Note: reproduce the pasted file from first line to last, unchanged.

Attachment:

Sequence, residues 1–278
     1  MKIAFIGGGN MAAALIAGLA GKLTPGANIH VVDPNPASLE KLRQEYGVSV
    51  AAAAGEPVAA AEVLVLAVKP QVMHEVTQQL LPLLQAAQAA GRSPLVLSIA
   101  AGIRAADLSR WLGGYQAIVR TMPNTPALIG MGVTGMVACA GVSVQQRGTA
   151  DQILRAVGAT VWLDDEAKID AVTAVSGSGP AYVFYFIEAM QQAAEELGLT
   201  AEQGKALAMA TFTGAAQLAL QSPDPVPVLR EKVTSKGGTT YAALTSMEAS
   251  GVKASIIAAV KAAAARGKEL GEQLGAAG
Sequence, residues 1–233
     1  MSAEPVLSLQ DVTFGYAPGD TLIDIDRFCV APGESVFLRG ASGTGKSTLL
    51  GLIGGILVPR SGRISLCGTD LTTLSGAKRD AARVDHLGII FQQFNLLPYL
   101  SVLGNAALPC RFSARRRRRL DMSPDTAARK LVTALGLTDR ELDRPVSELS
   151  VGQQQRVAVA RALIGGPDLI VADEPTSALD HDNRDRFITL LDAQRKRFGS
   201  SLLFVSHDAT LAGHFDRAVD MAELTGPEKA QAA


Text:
Sequence, residues 1–278
     1  MKIAFIGGGN MAAALIAGLA GKLTPGANIH VVDPNPASLE KLRQEYGVSV
    51  AAAAGEPVAA AEVLVLAVKP QVMHEVTQQL LPLLQAAQAA GRSPLVLSIA
   101  AGIRAADLSR WLGGYQAIVR TMPNTPALIG MGVTGMVACA GVSVQQRGTA
   151  DQILRAVGAT VWLDDEAKID AVTAVSGSGP AYVFYFIEAM QQAAEELGLT
   201  AEQGKALAMA TFTGAAQLAL QSPDPVPVLR EKVTSKGGTT YAALTSMEAS
   251  GVKASIIAAV KAAAARGKEL GEQLGAAG
Sequence, residues 1–233
     1  MSAEPVLSLQ DVTFGYAPGD TLIDIDRFCV APGESVFLRG ASGTGKSTLL
    51  GLIGGILVPR SGRISLCGTD LTTLSGAKRD AARVDHLGII FQQFNLLPYL
   101  SVLGNAALPC RFSARRRRRL DMSPDTAARK LVTALGLTDR ELDRPVSELS
   151  VGQQQRVAVA RALIGGPDLI VADEPTSALD HDNRDRFITL LDAQRKRFGS
   201  SLLFVSHDAT LAGHFDRAVD MAELTGPEKA QAA